Thursday, February 5, 2009

Day 230: The universe disturbed

PLUMBBOB/BOLTZMANN, May 28, 1957, photographed 11 miles from ground zero
Photo courtesy of National Nuclear Security Administration / Nevada Site Office

I've just finished reading Freeman Dyson's Disturbing the Universe. I was drawn to the book based on two quotes that I encountered over the course of the last year. These quotes have hung with me with their haunting eloquence. They signaled to me that a remarkably complex human existed at their root. I thought that Dyson's voice might offer a route to better grasping and connecting with what drives the minds, and in result the work, of atomic scientists. In this case, the book met my intuition. Though they often get lumped together, nuclear physicists and military officials came to their work from very different perspectives. It is unfortunate that scientific exploration and militarism have become so mutually and dangerously inter-tangled. I feel affirmed in my sense that many atomic scientists work(ed) while occupying many positions simultaneously. Dyson and his peers seemed filled with awe, creative passion, drive for experience, and were in seek of rich intellectual exchange and opportunity. Malicious acts were not blatantly prefigured. These traits afforded them a degree of detachment in the moment and throughout their collective processes that enabled the end result, and its consequences, to only be recognized later. I would describe this "later" as "too late". It seems a fascination with, and attraction towards, nuclear energy distanced them from literal the object of their work (the atomic bomb). In result, our planetary legacy is forever re-shaped.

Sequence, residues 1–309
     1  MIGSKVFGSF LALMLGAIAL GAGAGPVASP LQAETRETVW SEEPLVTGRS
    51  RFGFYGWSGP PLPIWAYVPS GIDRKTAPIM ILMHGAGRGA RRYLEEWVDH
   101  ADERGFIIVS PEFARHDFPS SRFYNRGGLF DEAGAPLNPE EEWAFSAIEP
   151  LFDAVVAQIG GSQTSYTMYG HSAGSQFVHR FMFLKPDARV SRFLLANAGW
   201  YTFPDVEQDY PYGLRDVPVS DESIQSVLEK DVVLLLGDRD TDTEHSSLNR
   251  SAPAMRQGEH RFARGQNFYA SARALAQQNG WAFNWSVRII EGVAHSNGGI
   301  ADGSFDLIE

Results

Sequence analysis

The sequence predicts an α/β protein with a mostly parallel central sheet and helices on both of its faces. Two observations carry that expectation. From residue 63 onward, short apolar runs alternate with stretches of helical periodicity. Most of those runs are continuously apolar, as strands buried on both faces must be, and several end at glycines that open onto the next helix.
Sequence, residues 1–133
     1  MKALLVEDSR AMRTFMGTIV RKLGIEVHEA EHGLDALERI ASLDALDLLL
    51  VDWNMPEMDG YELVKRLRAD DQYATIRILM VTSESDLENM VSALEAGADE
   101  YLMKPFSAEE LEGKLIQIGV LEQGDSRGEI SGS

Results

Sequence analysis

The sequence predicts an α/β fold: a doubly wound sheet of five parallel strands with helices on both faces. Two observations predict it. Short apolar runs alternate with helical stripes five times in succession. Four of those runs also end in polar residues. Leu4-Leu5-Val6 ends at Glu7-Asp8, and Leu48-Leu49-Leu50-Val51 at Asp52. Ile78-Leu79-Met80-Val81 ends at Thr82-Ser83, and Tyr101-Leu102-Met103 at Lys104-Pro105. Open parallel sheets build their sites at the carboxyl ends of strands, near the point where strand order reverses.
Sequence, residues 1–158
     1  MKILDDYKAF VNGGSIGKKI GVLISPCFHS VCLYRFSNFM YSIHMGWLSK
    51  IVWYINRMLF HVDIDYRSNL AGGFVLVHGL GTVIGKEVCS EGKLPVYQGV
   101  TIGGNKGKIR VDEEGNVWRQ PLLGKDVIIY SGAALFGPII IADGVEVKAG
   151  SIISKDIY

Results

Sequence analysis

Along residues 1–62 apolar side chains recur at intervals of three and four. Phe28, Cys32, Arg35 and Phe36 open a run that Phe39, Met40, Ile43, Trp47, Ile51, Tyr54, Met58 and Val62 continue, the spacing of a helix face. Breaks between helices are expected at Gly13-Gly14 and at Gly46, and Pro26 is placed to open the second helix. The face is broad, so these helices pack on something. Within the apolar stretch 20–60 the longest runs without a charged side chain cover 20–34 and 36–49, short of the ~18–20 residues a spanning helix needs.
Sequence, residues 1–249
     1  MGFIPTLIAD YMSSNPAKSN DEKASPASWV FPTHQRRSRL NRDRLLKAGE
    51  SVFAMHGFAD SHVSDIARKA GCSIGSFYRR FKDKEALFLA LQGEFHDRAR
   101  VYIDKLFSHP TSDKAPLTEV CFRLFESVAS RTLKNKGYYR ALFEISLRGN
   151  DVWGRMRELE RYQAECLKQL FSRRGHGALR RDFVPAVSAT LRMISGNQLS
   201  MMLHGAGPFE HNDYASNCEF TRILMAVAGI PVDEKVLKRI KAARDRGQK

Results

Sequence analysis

Freeman Dyson literally dreams and aspires towards the stars. The complex nature of his work with atomic energy are mused upon in the first half of the book, but Dyson seems to have never resided just on planet earth. Physics, including atomic energy, was always for him a means and fuel for leaving the earth. The bulk of his book alludes to his dreams of space exploration and inter-galactic travel, infinitely reaching beyond. It from this perspective that I now read these quotations newly, and held in tension with one another. One reaches towards the stars, the other pauses just long enough to realize that the earth might inspire awe enough.

"I have felt it myself. The glitter of nuclear weapons. It is irresistible if you come to them as a scientist. To feel it's there in your hands, to release this energy that fuels the stars, to let it do your bidding. To perform these miracles, to lift a million tons of rock into the sky. It is something that gives people an illusion of illimitable power, and it is, in some ways, responsible for all our troubles - this, what you might call technical arrogance, that overcomes people when they see what they can do with their minds." -quote from Dyson's appearance in the film The Day After Trinity

"Only once in my life have I experienced absolute silence. That was Jackass Flat under the midday sun. Long ago I read in Herbert Ponting's The Great White South of the silence of a windless day in Antarctica. Jackass Flat was as silent as Antarctica. It is a soul-shattering silence. You hold your breath and hear absolutely nothing. No rustling of leaves in the wind, no rumbling of distant traffic, no chatter of birds or insects or children. you are along with God in that silence. There in the white flat silence I began for the first time to feel a slight sense of shame for what we were proposing to do. Did we really intend to invade this silence with our trucks and bulldozers, and after a few years leave it a radioactive junkyard?" -from Dyson's own Disturbing the Universe. I came across the quote first as it was reproduced in John McPhee's Annals of a Former World.

Read my original post referencing Dyson back on Day 50: Attractive Force: The Curve of Binding Energy

Learn more about Freeman Dyson, in Dancing with the Stars, New York Times, 2007.

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